RUSSIA, UKRAINE, Belarus, Armenia and Azerbaijan are not in compliance with the Conventional Armed Forces in Europe (CFE) Treaty, according to an administration report submitted June 22 to Congress. Violations range from holdings of treaty-limited equipment (TLE) in excess of CFE ceilings to denial of full access during treaty inspections. The report, however, concludes that the compliance issues are not "militarily significant." Russia and Ukraine, which have the largest holdings among the Eastern bloc of countries, remain within their overall treaty limits.
The 1990 CFE Treaty imposed equal numerical limits on five categories of heavy conventional weapons—tanks, armored combat vehicles (ACVs), large-caliber artillery, combat aircraft and attack helicopters—that NATO and former Warsaw Pact countries could deploy and store between the Atlantic Ocean and the Ural Mountains. Countries derived national limits from their respective group limit, and a concentric-zone structure further restricted where TLE could be deployed. Although the accord's original bloc limits remain, the current 30 states-parties are seeking to adapt the treaty to Europe's post-Cold War security environment.
According to the annual compliance report, mandated by the Senate, Russia has never included equipment held by the Presidential Guard Regiment, which the United States claims is covered by the treaty, in data exchanges. Under the treaty, even if a military unit is considered an internal security force, any tanks, artillery and armored infantry fighting vehicles (a sub-limit within the ACV category) it holds should be counted against a country's TLE limits. Moreover, Russia excluded over 180 ACVs from its July 1997 data exchange by marking the equipment as ambulances.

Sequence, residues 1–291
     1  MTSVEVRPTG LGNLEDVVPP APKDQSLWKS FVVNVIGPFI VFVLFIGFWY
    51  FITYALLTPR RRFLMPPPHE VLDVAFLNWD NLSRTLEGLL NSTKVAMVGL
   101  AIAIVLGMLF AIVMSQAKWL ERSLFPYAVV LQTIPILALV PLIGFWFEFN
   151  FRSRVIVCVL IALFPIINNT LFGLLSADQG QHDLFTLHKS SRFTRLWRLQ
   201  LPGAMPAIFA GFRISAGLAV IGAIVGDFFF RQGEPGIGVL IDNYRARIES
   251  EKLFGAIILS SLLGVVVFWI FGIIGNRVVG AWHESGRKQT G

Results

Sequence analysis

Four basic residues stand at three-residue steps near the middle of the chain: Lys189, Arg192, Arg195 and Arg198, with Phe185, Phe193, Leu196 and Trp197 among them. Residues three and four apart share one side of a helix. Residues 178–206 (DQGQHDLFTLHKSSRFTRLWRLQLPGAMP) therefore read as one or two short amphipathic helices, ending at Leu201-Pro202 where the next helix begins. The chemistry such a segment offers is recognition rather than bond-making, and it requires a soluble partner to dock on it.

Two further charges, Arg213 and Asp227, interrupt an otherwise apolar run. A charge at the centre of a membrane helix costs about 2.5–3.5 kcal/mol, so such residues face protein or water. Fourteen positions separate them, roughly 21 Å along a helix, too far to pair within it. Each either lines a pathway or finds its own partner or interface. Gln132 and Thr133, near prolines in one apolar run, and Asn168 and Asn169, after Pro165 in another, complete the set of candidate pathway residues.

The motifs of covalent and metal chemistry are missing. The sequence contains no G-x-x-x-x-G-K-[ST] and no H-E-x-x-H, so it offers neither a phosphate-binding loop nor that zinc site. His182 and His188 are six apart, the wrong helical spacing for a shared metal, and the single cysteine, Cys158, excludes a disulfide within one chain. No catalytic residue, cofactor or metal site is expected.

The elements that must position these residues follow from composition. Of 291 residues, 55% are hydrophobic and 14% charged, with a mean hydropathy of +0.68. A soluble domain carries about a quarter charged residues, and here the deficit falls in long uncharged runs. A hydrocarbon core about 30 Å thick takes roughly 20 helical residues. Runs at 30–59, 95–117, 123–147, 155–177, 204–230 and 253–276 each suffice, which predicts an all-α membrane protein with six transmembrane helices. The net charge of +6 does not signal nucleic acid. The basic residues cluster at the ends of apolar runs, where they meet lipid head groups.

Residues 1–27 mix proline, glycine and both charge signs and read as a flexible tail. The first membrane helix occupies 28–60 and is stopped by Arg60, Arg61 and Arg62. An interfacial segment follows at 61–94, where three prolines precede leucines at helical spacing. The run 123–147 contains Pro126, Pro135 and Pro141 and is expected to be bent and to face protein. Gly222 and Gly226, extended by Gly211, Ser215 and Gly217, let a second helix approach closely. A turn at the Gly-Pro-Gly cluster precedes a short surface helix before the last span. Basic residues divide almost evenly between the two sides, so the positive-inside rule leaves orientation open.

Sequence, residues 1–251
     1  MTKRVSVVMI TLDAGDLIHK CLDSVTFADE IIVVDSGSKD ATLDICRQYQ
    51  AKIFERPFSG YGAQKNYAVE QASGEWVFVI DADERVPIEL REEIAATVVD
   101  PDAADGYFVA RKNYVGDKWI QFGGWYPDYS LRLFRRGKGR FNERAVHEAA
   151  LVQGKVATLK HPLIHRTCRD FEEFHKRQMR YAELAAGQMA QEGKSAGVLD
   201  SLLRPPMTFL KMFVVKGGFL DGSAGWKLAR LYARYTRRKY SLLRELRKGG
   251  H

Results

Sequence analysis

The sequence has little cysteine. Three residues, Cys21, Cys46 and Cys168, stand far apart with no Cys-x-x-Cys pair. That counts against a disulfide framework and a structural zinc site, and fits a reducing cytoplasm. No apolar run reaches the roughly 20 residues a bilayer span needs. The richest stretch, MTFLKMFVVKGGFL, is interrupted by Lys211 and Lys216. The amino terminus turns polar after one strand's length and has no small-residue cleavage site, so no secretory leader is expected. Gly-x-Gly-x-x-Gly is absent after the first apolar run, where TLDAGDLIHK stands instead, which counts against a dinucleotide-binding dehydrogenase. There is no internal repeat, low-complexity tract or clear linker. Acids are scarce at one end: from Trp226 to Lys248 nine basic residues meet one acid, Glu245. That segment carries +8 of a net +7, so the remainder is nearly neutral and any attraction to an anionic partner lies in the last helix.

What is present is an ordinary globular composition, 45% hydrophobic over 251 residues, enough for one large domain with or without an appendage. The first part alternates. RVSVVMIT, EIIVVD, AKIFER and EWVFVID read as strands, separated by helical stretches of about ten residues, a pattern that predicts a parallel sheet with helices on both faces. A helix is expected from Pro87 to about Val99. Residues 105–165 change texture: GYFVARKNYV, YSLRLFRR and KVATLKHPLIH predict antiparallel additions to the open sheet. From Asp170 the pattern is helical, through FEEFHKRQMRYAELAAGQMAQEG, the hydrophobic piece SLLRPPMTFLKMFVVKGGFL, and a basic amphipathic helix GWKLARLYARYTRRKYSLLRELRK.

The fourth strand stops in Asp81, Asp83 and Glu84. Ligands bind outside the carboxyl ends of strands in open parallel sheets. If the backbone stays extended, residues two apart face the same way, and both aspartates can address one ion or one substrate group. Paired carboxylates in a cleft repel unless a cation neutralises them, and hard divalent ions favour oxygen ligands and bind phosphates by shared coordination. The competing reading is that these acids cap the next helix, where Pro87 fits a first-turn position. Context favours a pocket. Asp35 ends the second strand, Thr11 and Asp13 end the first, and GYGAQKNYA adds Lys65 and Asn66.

Although Russia and Ukraine are "well below" limits on TLE held by naval infantry and coastal defense forces, the two states have failed to fulfill a separate June 1991 commitment by the Soviet Union—which they have assumed—to reduce 933 tanks, 1,725 ACVs and 1,080 artillery pieces. To date, Russia has completed over half of this shared reduction obligation, and with the November 1997 division of the former Soviet Black Sea Fleet assets between Russia and Ukraine, it is expected that the pledged reductions can now be completed.
Former Soviet Equipment
Ukraine has also declared an increasing amount of TLE as "awaiting export" (from 0 in 1992 to over 700 items in 1997), a category that exempts arms from treaty limits. The report called the increase a "trend that bears watching," but noted that it does not appear that Kyiv is using the equipment as a stockpile for replacement and modernization. Meanwhile, Belarus claimed almost 300 tanks as "awaiting export" in 1996 and then exchanged almost 150 for those in active units, thereby raising questions as to whether the equipment is actually intended for export. Minsk, along with Russia, also denied full access during some inspections of its TLE holding sites.